By: Kathleen A. Hogan, MD
Today I’d like to answer the question, What is arthritis? One of my patients recently expressed concern that her primary care physician had diagnosed her with “degenerative joint disease.” She was worried that this disease was spreading throughout her body causing arthritis in all of her joints, and wondered what she could do to cure it. Unlike the flu, degenerative joint disease is not contagious, nor does it spread like a cancer throughout the body. It is a term to describe arthritis. Arthritis is the result of damage to the articular cartilage of a joint. Normal articular cartilage is smooth, however damage to the cartilage creates small “potholes” and exposes the underlying bone. Articular cartilage functions in a way which is similar to how the sole of your shoe protects your foot. Wear of the sole of your shoes will increase pressure on your foot, causing pain especially with prolonged walking. Likewise, damage to articular cartilage causes pain and swelling in the joints.
Causes of Arthritis
There are many causes of arthritis. Osteoarthritis is a general term which describes arthritis which has no clear cause other than everyday wear and tear on the joints.This is the most common type of arthritis. Anatomic and genetic factors may play a role in why some people get arthritis. Excessive body weight increases the risk of knee arthritis but not hip arthritis. Traumatic damage to the joint as a result of fractures, ligament injuries, or chronic joint instability also result in arthritis. An infection in the joint fluid can also increase your risk of developing arthritis, and for this reason septic joints often require emergent surgery. Having osteoarthritis in one joint does not necessarily increase the risk of arthritis in other joints.
Conditions That Affect the Articular Cartilage
Some medical conditions can affect the articular cartilage in multiple joints. Rheumatoid arthritis, for example, causes a severe inflammatory response which can affect every joint. Gout results in crystals that form in the joint fluid and promote a painful inflammatory response, which can damage cartilage in many joints. In these cases, medications can be given which minimize pain and inflammation, while potentially decreasing the risk of arthritis.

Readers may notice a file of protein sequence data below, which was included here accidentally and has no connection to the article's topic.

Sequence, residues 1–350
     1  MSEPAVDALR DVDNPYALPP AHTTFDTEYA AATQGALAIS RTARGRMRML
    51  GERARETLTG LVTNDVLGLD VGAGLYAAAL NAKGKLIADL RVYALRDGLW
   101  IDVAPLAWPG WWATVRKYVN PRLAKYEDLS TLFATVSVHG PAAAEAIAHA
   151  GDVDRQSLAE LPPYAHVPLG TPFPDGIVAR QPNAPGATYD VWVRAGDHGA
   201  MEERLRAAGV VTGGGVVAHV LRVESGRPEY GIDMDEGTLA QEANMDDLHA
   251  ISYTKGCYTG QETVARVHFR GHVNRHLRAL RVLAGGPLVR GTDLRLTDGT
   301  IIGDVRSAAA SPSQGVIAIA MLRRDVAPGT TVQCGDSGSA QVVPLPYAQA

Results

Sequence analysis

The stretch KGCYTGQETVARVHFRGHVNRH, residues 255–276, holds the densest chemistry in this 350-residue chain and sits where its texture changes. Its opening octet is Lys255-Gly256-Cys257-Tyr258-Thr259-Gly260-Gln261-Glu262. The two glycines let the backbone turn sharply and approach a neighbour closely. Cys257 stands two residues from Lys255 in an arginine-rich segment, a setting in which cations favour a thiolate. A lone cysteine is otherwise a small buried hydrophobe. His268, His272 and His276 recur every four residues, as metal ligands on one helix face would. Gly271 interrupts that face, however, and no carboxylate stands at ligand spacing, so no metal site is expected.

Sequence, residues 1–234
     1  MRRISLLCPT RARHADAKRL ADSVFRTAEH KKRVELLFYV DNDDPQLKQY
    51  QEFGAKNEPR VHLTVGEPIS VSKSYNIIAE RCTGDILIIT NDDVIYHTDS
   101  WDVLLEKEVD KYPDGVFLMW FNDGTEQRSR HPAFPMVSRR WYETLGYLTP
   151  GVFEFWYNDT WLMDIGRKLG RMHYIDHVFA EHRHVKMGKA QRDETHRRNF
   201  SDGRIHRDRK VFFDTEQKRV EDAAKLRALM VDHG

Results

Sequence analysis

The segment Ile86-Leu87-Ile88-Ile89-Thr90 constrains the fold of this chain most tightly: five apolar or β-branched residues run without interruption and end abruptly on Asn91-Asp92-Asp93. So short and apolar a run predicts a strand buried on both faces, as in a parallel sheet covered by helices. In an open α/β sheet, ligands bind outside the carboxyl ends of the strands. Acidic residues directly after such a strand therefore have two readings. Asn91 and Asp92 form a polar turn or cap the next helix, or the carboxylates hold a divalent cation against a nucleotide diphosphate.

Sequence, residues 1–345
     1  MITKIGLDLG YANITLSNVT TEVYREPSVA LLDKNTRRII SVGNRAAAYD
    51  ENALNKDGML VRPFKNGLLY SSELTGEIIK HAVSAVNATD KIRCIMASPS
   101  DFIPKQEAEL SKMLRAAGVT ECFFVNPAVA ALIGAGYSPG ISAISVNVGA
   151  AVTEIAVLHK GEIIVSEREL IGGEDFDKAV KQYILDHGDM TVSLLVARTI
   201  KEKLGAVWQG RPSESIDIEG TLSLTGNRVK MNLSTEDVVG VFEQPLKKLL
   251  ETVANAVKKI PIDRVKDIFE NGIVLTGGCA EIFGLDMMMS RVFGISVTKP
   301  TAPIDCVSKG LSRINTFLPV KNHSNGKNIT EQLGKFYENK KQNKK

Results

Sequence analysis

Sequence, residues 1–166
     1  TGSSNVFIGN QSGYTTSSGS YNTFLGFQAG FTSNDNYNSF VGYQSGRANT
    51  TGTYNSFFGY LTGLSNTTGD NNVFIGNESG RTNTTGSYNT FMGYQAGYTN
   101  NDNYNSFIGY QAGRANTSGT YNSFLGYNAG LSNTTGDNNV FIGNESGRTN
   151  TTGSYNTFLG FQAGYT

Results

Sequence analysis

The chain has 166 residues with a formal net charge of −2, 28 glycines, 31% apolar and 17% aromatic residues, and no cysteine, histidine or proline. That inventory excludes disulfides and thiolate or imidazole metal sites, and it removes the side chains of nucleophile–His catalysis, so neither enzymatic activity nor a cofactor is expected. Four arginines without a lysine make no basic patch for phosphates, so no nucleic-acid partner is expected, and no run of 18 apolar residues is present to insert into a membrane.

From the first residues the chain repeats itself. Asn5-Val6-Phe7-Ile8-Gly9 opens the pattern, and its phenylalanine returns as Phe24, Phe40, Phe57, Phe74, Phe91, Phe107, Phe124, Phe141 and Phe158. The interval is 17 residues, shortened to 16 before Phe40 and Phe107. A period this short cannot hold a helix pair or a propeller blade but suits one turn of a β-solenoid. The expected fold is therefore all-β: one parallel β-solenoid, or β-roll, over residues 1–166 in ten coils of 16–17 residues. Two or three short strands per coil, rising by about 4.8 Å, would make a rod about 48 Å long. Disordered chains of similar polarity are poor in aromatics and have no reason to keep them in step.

How is Arthritis Treated?
Typically, anti-inflammatory medications such as Ibuprofen, Advil, Voltaren, Meloxicam, or Celebrex are used initially.These medications can reduce pain and swelling. These medications should be taken with caution as there can be serious side effects such as ulcers, and kidney dysfunction.Tylenol is an excellent pain reliever but can not be taken by patients with liver disease. Narcotic pain medications such as Percocet and Vicodin should not be used for chronic arthritis pain. Ice is recommended to reduce inflammation and swelling, while heat is recommended to help warm up the joint before activity. Bio-freeze and topical anti-inflammatories can also help with pain. Physical therapy is often recommended as strengthening the muscles around arthritic joints helps to reduce pressure on the joint. For lower extremity arthritis, using a cane (in the hand opposite the arthritic joint) can help to take some of the pressure off the joint and relieve pain. Braces can sometimes be helpful as well. Steroid injections are frequently very successful in reducing pain and swelling.
Options if Pain Persists
If pain persists despite these treatments, some joints can be replaced (hips, knees, ankles, shoulders, wrist, fingers) or fused (spine, ankle, wrist, fingers). These surgeries are very successful in removing pain and restoring ones ability to participate in activities. However surgery should be considered only when all other treatments fail.
Do you have arthritis? If your joints keep you from doing the activities you enjoy, consider scheduling a visit with an orthopedic surgeon to be evaluated and treated.